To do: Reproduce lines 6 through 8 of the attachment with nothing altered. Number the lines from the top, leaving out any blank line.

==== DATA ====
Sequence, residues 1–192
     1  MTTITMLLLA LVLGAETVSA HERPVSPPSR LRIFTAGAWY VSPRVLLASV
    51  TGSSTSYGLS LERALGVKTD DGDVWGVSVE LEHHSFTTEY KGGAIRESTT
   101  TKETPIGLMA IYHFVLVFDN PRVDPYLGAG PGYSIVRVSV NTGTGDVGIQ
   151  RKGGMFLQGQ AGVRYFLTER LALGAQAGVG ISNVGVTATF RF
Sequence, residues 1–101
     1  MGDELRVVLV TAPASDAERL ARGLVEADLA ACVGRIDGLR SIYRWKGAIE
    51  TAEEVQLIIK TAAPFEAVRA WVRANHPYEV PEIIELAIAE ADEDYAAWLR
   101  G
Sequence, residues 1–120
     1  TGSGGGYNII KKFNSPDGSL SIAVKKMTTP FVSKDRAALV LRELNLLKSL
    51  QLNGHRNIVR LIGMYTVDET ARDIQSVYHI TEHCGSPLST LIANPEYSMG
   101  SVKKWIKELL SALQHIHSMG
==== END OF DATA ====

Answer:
Sequence, residues 1–101
     1  MGDELRVVLV TAPASDAERL ARGLVEADLA ACVGRIDGLR SIYRWKGAIE
    51  TAEEVQLIIK TAAPFEAVRA WVRANHPYEV PEIIELAIAE ADEDYAAWLR